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Crime News Escaping Captivity: The Kara Robinson Story

'It's This Sisterhood': Elizabeth Smart And Kara Robinson Describe Their Unique Friendship As Survivors

In 2002, Kara Robinson and Elizabeth Smart were abducted by different men in different parts of the country. Years later, the two would connect and a friendship would blossom.

By Becca van Sambeck
Sisterhood Of Survival: Elizabeth Smart, Kara Robinson Spearhead New Oxygen Documentary

Kara Robinson and Elizabeth Smart were both abducted in the same year. Robinson was just 15 when she was taken at gunpoint by a man who drove up while she was watering plants in her friend's yard in South Carolina. Smart, 14, was taken from her bedroom in Utah by a stranger at knifepoint. Against all odds, both girls survived their horrific ordeals.

Years later, the two met and became friends, able to connect as members "of a sisterhood no one wants to be a part of," Robinson told Oxygen in a recent interview. And now, they're co-producing an Oxygen documentary, "Escaping Captivity: The Kara Robinson Story," airing Sunday, Sept. 26 at 7/6c on Oxygen.

In advance of the documentary, Robinson and Smart spoke with Oxygen about their unique friendship and why they wanted to bring this story to a bigger platform, which you can see in the video above.

"I remember the first time I met her and we were talking about why I hadn't come forward with my story before and I said, 'You know, there's this look people get when they hear your story and she said, "Oh, I know the look,' and that was the first moment of being like, 'You get me, you see me, you see what I've been through,'" Robinson said.

Robinson was kidnapped in June 2002 by Richard Evonitz, who brought her to his Columbia, South Carolina apartment. There, he held her captive for hours, drugging and sexually assaulting her. Robinson was ultimately able to escape her restraints and flee after Evonitz fell asleep. When she went to the police, they uncovered ties connecting Evonitz to the murders of three girls in Virginia. Her escape and the information she gathered led them directly to a serial killer.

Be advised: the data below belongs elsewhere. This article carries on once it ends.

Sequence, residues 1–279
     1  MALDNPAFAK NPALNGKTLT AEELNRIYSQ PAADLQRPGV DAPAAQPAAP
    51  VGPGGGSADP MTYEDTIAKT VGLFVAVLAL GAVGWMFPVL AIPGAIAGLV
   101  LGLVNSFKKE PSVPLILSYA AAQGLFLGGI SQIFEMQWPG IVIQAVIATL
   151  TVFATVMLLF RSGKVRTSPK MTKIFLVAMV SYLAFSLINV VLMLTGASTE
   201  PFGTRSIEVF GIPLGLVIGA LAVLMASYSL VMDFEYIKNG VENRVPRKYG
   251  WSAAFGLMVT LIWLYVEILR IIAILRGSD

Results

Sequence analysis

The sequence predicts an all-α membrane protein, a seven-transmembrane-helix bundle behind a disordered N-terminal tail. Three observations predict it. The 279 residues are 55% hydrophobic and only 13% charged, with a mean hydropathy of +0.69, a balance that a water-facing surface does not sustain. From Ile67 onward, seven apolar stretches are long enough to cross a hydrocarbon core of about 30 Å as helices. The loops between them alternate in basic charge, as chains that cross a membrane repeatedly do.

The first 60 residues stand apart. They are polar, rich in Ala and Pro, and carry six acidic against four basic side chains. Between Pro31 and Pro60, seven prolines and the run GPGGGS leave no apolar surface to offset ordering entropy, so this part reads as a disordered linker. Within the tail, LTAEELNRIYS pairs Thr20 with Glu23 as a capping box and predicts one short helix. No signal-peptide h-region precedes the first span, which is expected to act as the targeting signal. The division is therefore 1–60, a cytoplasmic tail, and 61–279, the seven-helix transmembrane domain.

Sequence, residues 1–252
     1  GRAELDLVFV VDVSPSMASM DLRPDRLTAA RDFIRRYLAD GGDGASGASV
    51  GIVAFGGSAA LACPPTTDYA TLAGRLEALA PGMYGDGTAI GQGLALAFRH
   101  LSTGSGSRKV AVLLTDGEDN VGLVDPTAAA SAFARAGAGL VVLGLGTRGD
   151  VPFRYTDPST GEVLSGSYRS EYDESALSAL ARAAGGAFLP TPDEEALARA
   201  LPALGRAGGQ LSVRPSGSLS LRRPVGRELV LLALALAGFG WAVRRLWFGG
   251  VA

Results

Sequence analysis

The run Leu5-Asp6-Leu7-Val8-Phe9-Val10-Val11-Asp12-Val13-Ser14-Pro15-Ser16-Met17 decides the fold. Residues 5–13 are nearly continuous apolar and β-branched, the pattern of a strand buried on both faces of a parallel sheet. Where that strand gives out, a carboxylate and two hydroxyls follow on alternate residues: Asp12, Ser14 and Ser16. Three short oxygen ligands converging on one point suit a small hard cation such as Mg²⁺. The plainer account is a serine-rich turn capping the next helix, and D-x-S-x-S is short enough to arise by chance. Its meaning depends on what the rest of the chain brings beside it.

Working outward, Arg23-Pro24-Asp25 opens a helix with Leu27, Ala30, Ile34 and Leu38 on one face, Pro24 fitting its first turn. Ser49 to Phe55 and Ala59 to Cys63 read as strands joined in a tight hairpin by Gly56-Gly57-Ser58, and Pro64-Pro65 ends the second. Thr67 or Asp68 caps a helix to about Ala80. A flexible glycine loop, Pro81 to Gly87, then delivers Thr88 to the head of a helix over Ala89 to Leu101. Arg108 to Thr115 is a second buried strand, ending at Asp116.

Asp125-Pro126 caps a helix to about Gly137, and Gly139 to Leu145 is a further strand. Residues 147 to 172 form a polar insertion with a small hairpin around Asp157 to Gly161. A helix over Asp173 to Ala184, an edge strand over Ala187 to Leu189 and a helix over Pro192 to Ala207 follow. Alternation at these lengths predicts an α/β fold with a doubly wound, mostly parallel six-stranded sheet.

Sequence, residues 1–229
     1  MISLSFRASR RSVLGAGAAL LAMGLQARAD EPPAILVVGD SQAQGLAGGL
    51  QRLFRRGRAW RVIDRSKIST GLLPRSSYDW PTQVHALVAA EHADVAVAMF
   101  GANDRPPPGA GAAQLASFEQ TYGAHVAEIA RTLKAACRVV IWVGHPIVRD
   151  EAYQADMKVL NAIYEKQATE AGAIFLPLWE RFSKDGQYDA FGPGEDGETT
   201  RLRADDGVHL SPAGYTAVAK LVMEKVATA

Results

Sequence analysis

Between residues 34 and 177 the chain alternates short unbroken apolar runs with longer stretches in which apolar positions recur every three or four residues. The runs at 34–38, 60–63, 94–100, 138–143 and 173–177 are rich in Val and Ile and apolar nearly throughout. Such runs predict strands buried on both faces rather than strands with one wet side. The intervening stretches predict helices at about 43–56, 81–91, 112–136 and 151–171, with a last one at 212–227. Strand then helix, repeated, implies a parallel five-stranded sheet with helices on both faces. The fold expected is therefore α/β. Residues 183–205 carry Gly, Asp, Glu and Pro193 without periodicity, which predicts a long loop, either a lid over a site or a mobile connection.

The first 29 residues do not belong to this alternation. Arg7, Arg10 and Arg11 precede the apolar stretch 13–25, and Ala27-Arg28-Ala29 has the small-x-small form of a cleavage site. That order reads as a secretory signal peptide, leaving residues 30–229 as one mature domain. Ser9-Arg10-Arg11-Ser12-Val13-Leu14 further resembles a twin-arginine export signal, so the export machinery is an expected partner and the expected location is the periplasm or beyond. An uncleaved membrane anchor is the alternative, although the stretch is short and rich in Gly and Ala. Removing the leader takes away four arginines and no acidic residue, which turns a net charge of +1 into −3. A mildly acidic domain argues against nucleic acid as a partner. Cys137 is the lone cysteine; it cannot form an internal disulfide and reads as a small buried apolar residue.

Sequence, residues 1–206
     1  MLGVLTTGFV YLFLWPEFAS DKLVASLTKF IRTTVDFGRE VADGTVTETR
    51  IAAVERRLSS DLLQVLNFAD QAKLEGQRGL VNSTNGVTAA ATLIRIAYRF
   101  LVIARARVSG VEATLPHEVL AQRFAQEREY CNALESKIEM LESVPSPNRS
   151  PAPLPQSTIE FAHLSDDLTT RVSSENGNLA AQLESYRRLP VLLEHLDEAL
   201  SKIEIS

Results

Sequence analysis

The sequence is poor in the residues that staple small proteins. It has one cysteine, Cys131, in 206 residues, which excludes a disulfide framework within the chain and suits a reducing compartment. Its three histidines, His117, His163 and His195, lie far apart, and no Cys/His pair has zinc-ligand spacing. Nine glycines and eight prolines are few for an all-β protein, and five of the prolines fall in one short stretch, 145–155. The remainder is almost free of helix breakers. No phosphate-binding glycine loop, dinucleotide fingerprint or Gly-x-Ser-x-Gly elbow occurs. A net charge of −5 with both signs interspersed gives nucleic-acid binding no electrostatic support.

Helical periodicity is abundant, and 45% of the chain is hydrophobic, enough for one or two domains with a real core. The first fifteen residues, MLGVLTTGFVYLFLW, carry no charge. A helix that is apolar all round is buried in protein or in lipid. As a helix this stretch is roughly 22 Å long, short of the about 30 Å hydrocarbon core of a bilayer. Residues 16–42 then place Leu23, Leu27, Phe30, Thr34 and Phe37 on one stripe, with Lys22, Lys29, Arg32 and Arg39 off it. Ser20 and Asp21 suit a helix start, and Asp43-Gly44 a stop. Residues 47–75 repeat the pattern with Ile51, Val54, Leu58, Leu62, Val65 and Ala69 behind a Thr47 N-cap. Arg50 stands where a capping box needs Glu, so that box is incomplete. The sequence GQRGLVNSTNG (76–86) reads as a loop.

Evonitz shot himself days later during a police chase, The Washington Post reported in 2002.

Robinson explained it was important to have someone like Smart working on this documentary with her.

"When someone else is telling your story, it can be difficult because it can be done in a way that almost re-victimizes you sometimes," she said.

Smart agreed, adding, "We call them stories but they're not just stories. These are the darkest moments of survivors' lives. I think unless people have enough sensitivity or experience themselves it's easy to think of it as just a story."

The two women have since become advocates for survivors, hoping their experiences can help others who have gone through trauma and educate those who want to help survivors. Smart believes telling Robinson's story will help do exactly that.

"I want everyone to always have a sense of hope because no one gets through this life without their fair share of struggle and trial and heartbreak, and I think Kara's story really just brings that ultimate sense of hope. I'm so proud of Kara and I'm so proud of everything that she's doing," Smart said.

For more on Robinson's story, watch the Oxygen documentary, "Escaping Captivity: The Kara Robinson Story," airing Sunday, Sept. 26 at 7/6c on Oxygen.